How Are We Doing? Update on Student Satisfaction
Update published September 30, 2019
In September the Institute launched a new Student Satisfaction survey. It also changed the way it presents its Course Evaluation survey to students. Read on to learn why surveys are important to the Institute at this stage in its development, and what the surveys are indicating.
Accreditation Standards. One of the purposes of the Student Satisfaction survey is to measure how we’re doing as an organization in comparison to the standards set by accreditation agencies. The survey is intentionally short. It consists of nine quick multiple choice questions followed by one optional open ended question for additional comments. The average time spent on the survey is 2 minutes. We want this to be a really easy task for students because we need more students to take the survey. The reason for this is that one of the criteria for the accrediting body is that a minimum 30% of students should complete the survey.
Historically, about 9 to 10% of students on average have completed the Institute’s Course Evaluation survey. This is not an unreasonable response, considering the survey is actually quite long. We were therefore hopeful that with this very short survey, we would be able to attain the 30% minimum. Here are the results from both surveys.
Course Evaluation: About 360 students completed courses between the end of May (when the revamped survey was launched) and the end of August.
Forty (40) students have completed this survey. That’s about 11%.
Student Satisfaction: About 145 students completed courses between early August (when the survey was launched) and today.
To date, twenty-two (22) students completed the survey. That’s about 15%.
Satisfaction Survey Results. Although the 15% who completed the survey expressed a high level of satisfaction in general, these results (see below) are not very helpful because they are not representative of the student body. The Institute needs to know what aspects of its services cause the most difficulty for students, so it can work to improve on those areas.
As this pie chart (left) and donut chart (below/right) show, the students who took the survey are satisfied with the Institute’s services overall, and would definitely recommend the Institute’s courses to their friends. We know this is true because many of the newcomers to the Institute indicate on registration that they heard about the course from a friend.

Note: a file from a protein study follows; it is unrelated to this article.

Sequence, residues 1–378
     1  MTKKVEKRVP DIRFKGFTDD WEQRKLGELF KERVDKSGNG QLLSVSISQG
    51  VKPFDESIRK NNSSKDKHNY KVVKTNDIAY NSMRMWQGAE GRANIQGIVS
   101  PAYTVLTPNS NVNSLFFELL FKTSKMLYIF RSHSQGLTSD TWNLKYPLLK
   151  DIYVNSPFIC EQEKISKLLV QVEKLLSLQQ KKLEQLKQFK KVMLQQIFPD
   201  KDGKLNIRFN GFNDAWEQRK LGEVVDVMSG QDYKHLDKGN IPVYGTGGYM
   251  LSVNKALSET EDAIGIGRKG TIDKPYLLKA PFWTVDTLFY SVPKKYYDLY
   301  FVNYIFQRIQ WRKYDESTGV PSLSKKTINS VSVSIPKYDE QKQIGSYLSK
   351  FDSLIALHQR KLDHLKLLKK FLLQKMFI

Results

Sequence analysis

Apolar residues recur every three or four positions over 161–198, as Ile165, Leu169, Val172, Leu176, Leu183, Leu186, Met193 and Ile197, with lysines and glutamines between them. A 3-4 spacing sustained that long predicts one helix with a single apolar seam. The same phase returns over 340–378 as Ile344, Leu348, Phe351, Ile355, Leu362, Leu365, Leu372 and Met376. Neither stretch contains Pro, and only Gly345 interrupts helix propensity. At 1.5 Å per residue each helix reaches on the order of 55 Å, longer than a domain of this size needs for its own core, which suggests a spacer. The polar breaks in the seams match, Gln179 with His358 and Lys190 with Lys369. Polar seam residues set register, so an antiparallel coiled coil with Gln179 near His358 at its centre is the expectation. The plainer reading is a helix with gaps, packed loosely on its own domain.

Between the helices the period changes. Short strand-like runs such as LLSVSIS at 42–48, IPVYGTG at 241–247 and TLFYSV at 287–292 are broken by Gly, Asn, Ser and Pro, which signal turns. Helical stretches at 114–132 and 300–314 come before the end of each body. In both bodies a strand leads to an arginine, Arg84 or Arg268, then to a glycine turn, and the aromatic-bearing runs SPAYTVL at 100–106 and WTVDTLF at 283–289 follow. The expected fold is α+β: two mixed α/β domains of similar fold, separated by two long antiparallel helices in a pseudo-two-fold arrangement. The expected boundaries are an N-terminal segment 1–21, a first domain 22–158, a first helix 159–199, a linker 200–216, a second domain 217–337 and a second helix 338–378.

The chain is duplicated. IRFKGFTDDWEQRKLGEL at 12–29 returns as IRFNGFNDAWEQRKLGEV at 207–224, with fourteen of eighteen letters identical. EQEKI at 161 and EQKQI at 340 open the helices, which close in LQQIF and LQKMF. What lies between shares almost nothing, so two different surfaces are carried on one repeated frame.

The survey also showed that the Institute’s courses are considered to give excellent value for money. 71% of respondents said our courses were “Excellent” value for money, while the other 29% said “Above average.” This is no doubt due to the 2019 First-Timer Discount program, which offers learners in most courses a flat fee of just ten dollars for their first course.
Similar results were obtained for the questions on course quality (54% Very high quality, 39% High quality) and faculty quality (54% Very high quality, 27% High quality).
Responding to Student Needs. The results for the Institute’s responsiveness to student queries were less clear-cut. Obviously, not everyone needs to contact the Institute directly about courses. You can register online, follow the instructions in your confirmation email, and never have occasion to interact directly with your faculty-mentor, the Director, the Registrar, or the Helpdesk. But, if you need help, chance are you are going to need it quickly. We cannot at this time promise 24/7 service, but we do aim to handle most student queries within 24 hours. Here are the results for the Question: “How responsive have we been to your questions or concerns about this course?”
Here is where we can see room for improvement, and the Institute has already taken action to improve on this aspect of its operations. One of the functions of both the new Course Catalog and Student Handbook is to make it easier for students to get up-to-date information on the Institute’s programs and policies, as well as contact details for staff. A faculty directory is an obvious step for the future.
Where to go for help. The main contact students need to know is the Helpdesk email: email@example.com. You can also reach the Registrar’s office by telephone: (847) 733-3466. You will need to leave a message, so for more urgent queries please use email.
For less urgent inquiries, students can set up an appointment to speak one-one-one with the Registrar, by phone or videoconference. Use this link to schedule a meeting via Calendly: https://calendly.com/wi-registrar/learner-help.
An example of how we are using course evaluation survey results. In September the Racism in America faculty met to review the eight (8) course evaluations it received from the March course. After consultation, several actions were taken, including:
- One of the respondents was invited to be a Discussant in the next iteration of the course, which will start on October 10th.
- Several respondents were contacted for more detailed feedback on the course materials.
- Two separate suggestions for additional course resources are being implemented.
- Live videoconferences, which were reported as “very useful” by the majority of respondents, will be hosted again, but with a new focus/framework of discussion.